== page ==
It made me think about our motivations and what drives us to work as hard as we do. For him, he does it to support his family. He’s recently realised his dream of bringing his entire family to the UK, to provide his children with all the opportunities that would have otherwise been unavailable to them had they stayed in the Philippines. That cost a lot of money, and in his own words, they’re currently broke but they’re all broke together. 

For a lot of people, money is the biggest motivator. Let’s face it, love may make the world go round but you need cash to grease the wheels. Its kinda difficult to keep mushy feelings going if your roof is leaking because you have no money for repairs, or if you’re living off bread and beans every day.

I know a lot of people who work at least 60 hours a week just to earn extra money. Heck, I’ve done it and I often don’t recognise myself at the end of a 60-hour work week. I think we never stop to think about the impact it has on us when we work as hard as we do. We are not machines; in fact, even machines have down-time. There are times when we – human beings – DON’T. And in a stressful environment like nursing, that can have serious consequences.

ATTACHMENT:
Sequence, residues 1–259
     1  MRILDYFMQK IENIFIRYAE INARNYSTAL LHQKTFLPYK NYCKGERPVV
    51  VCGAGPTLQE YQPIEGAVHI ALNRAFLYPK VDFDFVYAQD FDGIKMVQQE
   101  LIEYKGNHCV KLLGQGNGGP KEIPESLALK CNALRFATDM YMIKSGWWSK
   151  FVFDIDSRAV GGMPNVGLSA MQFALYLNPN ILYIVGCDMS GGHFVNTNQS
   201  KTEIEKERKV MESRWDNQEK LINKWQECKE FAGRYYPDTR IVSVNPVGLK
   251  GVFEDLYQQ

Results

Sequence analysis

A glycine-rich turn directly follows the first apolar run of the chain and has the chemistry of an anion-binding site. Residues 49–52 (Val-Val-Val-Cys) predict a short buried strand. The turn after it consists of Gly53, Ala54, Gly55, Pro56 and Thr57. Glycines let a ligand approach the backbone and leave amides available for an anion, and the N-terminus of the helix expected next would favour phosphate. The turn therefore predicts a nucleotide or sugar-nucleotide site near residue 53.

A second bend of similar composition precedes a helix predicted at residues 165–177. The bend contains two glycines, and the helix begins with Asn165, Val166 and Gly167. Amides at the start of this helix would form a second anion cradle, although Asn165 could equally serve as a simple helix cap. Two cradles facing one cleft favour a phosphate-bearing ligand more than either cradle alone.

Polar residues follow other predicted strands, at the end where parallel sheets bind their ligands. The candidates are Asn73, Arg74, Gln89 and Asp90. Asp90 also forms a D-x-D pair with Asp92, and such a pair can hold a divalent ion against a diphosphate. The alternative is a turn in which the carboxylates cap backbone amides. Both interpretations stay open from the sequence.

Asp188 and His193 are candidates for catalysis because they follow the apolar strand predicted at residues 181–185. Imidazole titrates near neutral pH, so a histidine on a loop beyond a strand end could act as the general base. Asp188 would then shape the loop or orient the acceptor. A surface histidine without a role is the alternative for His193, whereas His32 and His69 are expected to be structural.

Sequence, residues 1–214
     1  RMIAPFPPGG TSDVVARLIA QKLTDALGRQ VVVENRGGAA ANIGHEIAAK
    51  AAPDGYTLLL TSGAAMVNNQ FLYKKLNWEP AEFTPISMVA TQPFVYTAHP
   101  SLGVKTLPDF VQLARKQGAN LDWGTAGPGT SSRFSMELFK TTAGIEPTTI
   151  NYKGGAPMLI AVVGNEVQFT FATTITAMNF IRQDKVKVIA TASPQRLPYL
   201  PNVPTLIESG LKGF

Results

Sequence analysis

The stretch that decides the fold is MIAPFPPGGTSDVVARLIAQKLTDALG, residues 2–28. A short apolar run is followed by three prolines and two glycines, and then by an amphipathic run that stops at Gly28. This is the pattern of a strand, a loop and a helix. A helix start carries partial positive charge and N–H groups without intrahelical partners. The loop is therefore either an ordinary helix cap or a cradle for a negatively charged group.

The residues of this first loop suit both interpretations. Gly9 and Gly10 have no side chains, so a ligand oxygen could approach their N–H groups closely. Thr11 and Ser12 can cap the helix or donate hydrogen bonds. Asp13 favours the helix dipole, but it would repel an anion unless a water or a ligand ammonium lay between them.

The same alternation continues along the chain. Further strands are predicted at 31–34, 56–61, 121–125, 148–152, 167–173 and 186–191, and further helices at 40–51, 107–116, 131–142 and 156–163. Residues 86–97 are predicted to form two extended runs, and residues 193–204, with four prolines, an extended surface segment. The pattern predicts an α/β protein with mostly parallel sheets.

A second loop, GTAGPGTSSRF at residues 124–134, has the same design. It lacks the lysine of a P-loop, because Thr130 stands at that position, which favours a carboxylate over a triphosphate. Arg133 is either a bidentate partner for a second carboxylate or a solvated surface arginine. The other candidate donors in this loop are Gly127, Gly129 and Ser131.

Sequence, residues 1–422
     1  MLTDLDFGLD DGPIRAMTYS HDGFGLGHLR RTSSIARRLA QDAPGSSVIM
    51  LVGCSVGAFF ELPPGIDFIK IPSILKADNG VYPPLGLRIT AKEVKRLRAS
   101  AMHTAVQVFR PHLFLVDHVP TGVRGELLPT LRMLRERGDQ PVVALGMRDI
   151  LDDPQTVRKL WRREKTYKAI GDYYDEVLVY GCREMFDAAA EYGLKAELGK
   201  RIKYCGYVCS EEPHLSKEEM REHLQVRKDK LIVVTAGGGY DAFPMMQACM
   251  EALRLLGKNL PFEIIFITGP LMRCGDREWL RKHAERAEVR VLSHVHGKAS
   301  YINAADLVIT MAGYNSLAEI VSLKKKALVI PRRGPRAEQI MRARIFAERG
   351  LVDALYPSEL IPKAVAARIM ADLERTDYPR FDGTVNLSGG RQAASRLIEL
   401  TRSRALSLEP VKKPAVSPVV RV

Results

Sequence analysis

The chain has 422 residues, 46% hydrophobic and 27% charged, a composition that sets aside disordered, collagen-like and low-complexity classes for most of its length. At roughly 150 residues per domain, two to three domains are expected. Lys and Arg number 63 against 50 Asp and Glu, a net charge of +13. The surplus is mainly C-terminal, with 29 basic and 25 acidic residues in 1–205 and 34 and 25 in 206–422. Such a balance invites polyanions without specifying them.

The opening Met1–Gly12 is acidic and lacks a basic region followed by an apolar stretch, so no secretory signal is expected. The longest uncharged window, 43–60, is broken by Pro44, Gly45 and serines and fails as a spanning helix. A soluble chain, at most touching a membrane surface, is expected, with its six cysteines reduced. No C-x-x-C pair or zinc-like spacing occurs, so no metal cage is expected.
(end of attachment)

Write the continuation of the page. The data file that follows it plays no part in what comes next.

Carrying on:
Work is physically demanding, no doubt about that. I am on my feet 80% of the time, even when I’m supposed to be doing admin work. By necessity – because of the nature of our job – our brain goes into overdrive most of the time. In addition, you give so much of yourself to care for your patients and to work harmoniously with your colleagues that the work also becomes an emotional drain. Now imagine experiencing that for 60 hours per week. Is it any wonder that people get sick?